An Interview with Jo Wallace

Jo Wallace
The following is an excerpt from Betty Lampen’s interview with the late Jo Wallace taped April 12, 1988.
By Gee Gee Platt

JW: At the former Madison School, now the Claire Lilienthal School on Clay Street between Cherry and Arguello that goes all the way to Sacramento Street, as soon as school was out, the little girls that belonged to the Club would go tearing out the Sacramento Street entrance and we’d run and stand on the corner waiting for the Number Four streetcar to come.  We would climb on the streetcar and misbehave terribly all the way downtown, exiting either at Mason or Taylor Street.

JW: At Madison School, we had organized sports for the boys.  But the girls didn’t have any.  Some of us wanted to play basketball, so we got the boys in our class to be our coaches.  But those of us who belonged to the Woman’s Athletic Club, you see, got special treatment because we were coached at the Club.  There were at least three athletic directors: for swimming, for gymnastic equipment and one for basketball.

JW: Way back in the earlier days, every Saturday, they let all the water out of the pool and scrubbed it and filled it again on Sunday.

BL: Really!  How extravagant!  Oh, it was saltwater though.  When did they change to freshwater?

JW: I have no idea when they changed to freshwater, but I remember distinctly the idea was that you had to get down and swim early because otherwise it would be too shallow to swim.

BL: So, they had no chlorine in those days, it was ‘just change the whole pool’.

JW: Yes, change the whole pool.  Then Sunday it was being filled up and Monday it would be ready to go.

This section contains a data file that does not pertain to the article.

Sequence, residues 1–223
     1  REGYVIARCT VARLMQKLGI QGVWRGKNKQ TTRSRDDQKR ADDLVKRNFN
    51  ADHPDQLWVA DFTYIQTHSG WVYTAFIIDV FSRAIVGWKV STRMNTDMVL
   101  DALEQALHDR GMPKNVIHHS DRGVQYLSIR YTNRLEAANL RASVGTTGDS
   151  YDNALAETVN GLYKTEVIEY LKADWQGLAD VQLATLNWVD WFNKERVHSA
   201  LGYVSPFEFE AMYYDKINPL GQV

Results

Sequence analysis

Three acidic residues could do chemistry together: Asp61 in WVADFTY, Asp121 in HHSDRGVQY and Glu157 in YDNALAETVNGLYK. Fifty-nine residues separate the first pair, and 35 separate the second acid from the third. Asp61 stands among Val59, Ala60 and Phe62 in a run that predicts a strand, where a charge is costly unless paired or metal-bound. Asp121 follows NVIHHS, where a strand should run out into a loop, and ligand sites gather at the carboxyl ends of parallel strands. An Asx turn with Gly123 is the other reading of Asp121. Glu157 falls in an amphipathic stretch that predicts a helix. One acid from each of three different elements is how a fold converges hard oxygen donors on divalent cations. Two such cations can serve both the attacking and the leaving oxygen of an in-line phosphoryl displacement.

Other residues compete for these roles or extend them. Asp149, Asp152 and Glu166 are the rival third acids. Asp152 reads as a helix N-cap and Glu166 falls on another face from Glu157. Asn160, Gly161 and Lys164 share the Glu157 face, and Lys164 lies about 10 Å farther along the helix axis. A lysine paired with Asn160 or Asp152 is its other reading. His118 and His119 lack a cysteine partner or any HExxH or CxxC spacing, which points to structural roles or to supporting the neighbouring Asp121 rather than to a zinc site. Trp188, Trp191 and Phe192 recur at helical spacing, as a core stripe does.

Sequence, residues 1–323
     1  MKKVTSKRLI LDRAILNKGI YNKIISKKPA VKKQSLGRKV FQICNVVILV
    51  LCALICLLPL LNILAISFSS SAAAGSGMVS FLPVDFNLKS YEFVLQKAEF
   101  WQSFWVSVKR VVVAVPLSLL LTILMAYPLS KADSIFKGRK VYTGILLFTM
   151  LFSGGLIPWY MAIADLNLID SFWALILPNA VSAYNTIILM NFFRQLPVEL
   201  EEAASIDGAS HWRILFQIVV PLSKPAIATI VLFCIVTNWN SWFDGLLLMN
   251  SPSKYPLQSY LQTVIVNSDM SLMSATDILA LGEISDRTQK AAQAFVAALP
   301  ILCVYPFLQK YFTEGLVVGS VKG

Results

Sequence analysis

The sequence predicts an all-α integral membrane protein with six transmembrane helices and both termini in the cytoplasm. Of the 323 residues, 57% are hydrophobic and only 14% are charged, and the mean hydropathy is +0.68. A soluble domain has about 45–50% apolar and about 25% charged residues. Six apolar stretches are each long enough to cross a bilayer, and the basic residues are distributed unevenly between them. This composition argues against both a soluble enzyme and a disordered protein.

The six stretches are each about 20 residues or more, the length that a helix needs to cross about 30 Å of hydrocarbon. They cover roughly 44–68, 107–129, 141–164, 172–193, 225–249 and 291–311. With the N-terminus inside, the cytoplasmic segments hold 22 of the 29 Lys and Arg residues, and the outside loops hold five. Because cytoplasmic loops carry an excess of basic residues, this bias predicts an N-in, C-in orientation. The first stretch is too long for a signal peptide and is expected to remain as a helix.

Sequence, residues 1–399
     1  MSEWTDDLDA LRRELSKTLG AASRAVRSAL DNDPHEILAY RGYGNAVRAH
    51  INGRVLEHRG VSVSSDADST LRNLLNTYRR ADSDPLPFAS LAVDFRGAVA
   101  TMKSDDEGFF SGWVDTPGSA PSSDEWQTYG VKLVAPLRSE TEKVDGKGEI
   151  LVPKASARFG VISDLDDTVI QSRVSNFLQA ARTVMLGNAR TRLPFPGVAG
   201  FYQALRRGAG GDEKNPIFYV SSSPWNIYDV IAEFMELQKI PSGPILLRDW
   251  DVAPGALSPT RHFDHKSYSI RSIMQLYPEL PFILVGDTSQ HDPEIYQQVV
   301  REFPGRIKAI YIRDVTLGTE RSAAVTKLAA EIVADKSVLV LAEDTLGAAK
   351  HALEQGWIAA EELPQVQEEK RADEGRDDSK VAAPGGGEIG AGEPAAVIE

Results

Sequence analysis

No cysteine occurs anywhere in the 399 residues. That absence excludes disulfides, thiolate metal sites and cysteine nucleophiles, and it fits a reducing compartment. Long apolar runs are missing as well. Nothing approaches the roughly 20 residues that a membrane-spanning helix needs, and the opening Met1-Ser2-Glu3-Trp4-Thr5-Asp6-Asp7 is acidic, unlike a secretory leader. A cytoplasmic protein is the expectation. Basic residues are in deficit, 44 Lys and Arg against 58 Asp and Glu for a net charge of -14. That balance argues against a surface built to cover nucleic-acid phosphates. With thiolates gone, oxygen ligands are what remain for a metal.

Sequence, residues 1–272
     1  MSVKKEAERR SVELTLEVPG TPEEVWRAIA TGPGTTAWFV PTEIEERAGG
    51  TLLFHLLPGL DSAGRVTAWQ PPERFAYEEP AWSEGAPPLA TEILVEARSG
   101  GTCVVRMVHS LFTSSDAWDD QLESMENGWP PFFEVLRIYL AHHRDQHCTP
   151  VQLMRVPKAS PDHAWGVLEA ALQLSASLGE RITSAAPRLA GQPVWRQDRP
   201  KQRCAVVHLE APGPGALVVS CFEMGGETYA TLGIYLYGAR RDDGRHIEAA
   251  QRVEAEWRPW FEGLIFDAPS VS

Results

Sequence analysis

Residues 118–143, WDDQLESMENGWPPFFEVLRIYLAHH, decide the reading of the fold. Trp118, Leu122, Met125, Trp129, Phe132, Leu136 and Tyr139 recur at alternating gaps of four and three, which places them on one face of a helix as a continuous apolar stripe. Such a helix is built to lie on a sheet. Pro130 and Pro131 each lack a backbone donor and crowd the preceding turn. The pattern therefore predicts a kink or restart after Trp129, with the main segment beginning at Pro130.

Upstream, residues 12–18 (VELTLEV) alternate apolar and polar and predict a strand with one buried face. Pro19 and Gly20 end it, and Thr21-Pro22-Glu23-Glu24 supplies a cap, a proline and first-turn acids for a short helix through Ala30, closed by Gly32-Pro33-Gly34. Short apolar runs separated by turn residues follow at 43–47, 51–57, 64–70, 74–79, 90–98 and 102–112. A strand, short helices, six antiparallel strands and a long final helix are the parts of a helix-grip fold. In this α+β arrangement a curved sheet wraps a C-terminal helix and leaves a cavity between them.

BL: And not heated, of course.

JW: Of course not.  Nothing like that.  And we didn’t mind it.

BL: Where did you actually learn to swim?

JW: We learned to swim through the Red Cross at the YWCA next door.  Then we went to what is now the Marines Memorial formerly the Western Women’s Club…then I went to the Women’s City Club, which is now the St. Francis Tower, and there I learned how to swim properly.

BL: I learned how to swim entirely from the Women’s Athletic Club.  Mrs. Mackie was my teacher.  I don’t think I ever enjoyed swimming anywhere else as I do in that particular pool; Tahoe was always too cold, and everyone else’s pool was too small, and the river was too dirty.

JW: Actually, I learned to swim before I belonged to the Women’s Athletic Club.  Not nicely, I didn’t have a good stroke at all but I did learn from Mrs. Mackie too.  I don’t ever remember her wet.

BL: No, I never saw her in the water.

JW: No, I never saw that woman in the water, ever.  And I’m told that she does know how to swim.

BL: She did, she did know how to swim.

JW: But I never saw her wet, she was always in a bathing suit.

BL: But she was an inspiration.

JW: Yes, and she taught by the book.  I’m not sure what the book is.

BL: Well it was a book she and her sister wrote.

JW: Then after we finished swimming, we would take a shower quickly, run downstairs and get our clothes on as fast as we could and bolt upstairs to the tea room on the fourth floor.  And we used to eat lovely confections that had some sort of crispy cookie on the bottom and then a great big gob of marshmallow stuff and then it was all covered with chocolate and it was the best thing in the world…

BL: And did you know that tea cost $.25?